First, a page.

Programmed cell death protein 1 (PD-1) and programmed cell death ligand-1 (PD-L1) are cell surface target that have promoted the development and evaluation of several immune checkpoint inhibitors. Responses to PD-1–targeted therapy have been reported in FL. In a phase 1 study of relapsed or refractory hematologic malignancies that included 10 patients with relapsed FL, the PD-1 inhibitor nivolumab produced a 40% ORR, with 1 complete remission.37 A phase 2 clinical trial has been designed to evaluate nivolumab monotherapy in patients with “double refractory” FL who have failed a CD20 antibody and an alkylating agent (NCT02038946), and additional studies will evaluate nivolumab in other FL patient populations (NCT03245021, NCT03015896, NCT03121677). In a single-arm study involving 23 patients, including 18 with FL, pembrolizumab (200 mg) was administered every 3 weeks until progression, excessive toxicity, or completion of 2 years of therapy.38 Drug-related adverse events that were ≥grade 3 occurred in 9 patients (39%); the most common were thrombocytopenia (13%), anemia (13%), neutropenia (8%), and dyspnea (8%). Overall, 11 patients (48%) experienced stable disease, and 2 FL patients had partial responses. A phase 1b trial of patients with relapsed or refractory FL examined the PD-L1 inhibitor atezolizumab and demonstrated 1 PR (33%).39 Studies combining atezolizumab with a number of agents are underway or in development. Overall, checkpoint inhibitors have demonstrated modest single-agent activity in the relapsed setting. Detailed biomarker evaluation, such as tumor T-cell infiltration and expression of PD-1 and PD-L1 by immunohistochemistry or assessment of tumor mutation burden (as performed in some solid tumors),40-42 is needed to identify and select patients who may benefit most from this therapy.
Checkpoint inhibitors are also being studied in a variety of combinations in FL. A phase 2 study examined pembrolizumab and R in 30 patients with FL grades 1 to 3a who relapsed after ≥1 prior therapy with R-sensitive disease.43 Among evaluable patients, the ORR was 64%, the CR rate was 48%, and 15 patients remain in remission with a median follow-up of 11 months (range, 3.7-21).44 Pembrolizumab also has been combined with G100, a Toll-like receptor-4 agonist that activates the innate and adaptive arms of the immune system with a similar adverse event profile.45 A phase 1b/2 study (NCT02596971) examined the safety and efficacy of induction with atezolizumab, obinutuzumab, and bendamustine, followed by maintenance with atezolizumab and obinutuzumab. The most common treatment-related grade 3 or 4 adverse events were neutropenia in 6 patients and thrombocytopenia in 2 patients.46 An interesting novel immunotherapy, Hu5F9-G4 (5F9), stimulates tumor cell phagocytosis and an antitumor T-cell response by targeting CD47, a protective “don’t eat me” signal on cancer. Anti-CD47 and R are being evaluated in a phase 1b/2 study (NCT02953509), and preliminary data demonstrated that this combination is well tolerated; common treatment-related adverse events include chills (41%), headache (36%), anemia (32%), and fever (27%), with the majority of events being grade 1 or 2.47 At present, the use of checkpoint inhibitors in FL remains experimental; use outside of a clinical trial can only be based on limited data from trials with short follow-up.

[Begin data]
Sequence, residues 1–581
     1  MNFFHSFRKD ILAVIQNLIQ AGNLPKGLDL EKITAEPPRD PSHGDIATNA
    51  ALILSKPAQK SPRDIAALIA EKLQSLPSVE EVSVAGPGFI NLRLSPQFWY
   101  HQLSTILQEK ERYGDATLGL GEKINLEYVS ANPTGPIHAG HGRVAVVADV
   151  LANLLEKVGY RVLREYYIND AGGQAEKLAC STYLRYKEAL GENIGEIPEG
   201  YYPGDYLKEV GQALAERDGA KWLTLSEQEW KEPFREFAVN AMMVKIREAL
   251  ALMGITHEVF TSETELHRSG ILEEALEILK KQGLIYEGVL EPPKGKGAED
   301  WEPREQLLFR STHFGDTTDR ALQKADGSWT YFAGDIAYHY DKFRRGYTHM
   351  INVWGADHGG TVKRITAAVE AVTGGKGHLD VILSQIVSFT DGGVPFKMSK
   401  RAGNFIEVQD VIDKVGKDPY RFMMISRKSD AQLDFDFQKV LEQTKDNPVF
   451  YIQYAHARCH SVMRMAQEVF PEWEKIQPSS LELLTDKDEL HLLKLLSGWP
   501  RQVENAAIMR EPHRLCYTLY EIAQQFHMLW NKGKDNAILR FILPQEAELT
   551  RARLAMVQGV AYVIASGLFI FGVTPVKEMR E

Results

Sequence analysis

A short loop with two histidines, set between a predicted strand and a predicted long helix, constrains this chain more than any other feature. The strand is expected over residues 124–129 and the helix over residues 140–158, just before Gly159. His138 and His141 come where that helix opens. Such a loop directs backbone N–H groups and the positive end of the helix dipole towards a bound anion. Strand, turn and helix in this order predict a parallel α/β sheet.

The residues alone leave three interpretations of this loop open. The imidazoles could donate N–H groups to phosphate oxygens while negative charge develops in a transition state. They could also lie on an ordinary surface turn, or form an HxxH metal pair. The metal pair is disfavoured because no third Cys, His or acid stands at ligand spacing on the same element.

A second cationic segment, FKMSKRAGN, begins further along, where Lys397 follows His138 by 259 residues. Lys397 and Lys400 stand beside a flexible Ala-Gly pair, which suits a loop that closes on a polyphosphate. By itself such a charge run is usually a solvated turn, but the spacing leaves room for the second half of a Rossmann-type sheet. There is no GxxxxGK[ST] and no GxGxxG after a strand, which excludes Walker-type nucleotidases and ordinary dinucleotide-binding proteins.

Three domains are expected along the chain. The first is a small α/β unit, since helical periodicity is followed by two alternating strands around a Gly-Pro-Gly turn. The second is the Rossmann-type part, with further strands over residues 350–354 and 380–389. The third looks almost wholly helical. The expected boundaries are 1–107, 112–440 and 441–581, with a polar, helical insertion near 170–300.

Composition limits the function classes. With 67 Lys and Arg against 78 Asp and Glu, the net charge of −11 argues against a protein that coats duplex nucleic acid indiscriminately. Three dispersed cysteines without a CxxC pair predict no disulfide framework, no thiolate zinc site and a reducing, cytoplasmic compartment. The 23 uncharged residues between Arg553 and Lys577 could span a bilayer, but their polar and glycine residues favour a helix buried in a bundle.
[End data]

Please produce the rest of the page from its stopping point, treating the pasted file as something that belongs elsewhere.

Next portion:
CAR T cells for FL
Despite the advances with pharmacological interventions and stem cell transplantation, treatments with greater efficacy are urgently needed, particularly for patients with refractory and transformed FL. CAR T cells are T cells that have been genetically engineered to recognize specific tumor-associated antigens, including some of the targets noted above, such as CD19 and CD20. Current CAR T-cell technologies also incorporate costimulatory T-cell signaling domains, such as CD28 and/or 4-1BB. CAR T cells been tested in clinical trials involving patients with FL, and more studies are ongoing. Two anti-CD19 CAR T-cell approaches are approved for use in patients with diffuse large B-cell lymphoma.48,49 Although early results are promising, toxicity remains a concern.
In 1 trial of anti-CD19 CAR T cells, patients with FL were eligible if they had measurable progression of disease <2 years after the second line of chemoimmunotherapy.49 Leukapheresis products were stimulated with paramagnetic beads coated with antibodies to CD3 and CD28 and were transduced with the CD19-BB-ζ transgene. After leukapheresis, patients could receive bridging therapy at the discretion of their treating physician while awaiting the manufacture of cells. Lymphodepleting regimens were chosen by the investigator based on patient-specific characteristics, and anti-CD19 CAR T cells (1 × 108 to 5 × 108 CTL019 cells) were infused 1 to 4 days after the completion of lymphodepleting chemotherapy. Ten of 38 patients did not receive treatment as planned because of disease progression. Eleven of 14 patients with FL experienced a response therapy, and 3 patients who had a partial response at 3 months had a CR by 6 months; 1 patient continued to have a partial response at 6 months and had progressive disease at 1 year. Persistence of anti-CD19 CAR DNA by polymerase chain reaction (range, 6-24 months) was noted in 14 of 16 patients who had a CR. The median PFS was not reached, and 70% of patients were progression-free at the median follow-up of 28.6 months; 89% of patients with FL who had a response maintained their response.
Adverse effects of immunotherapies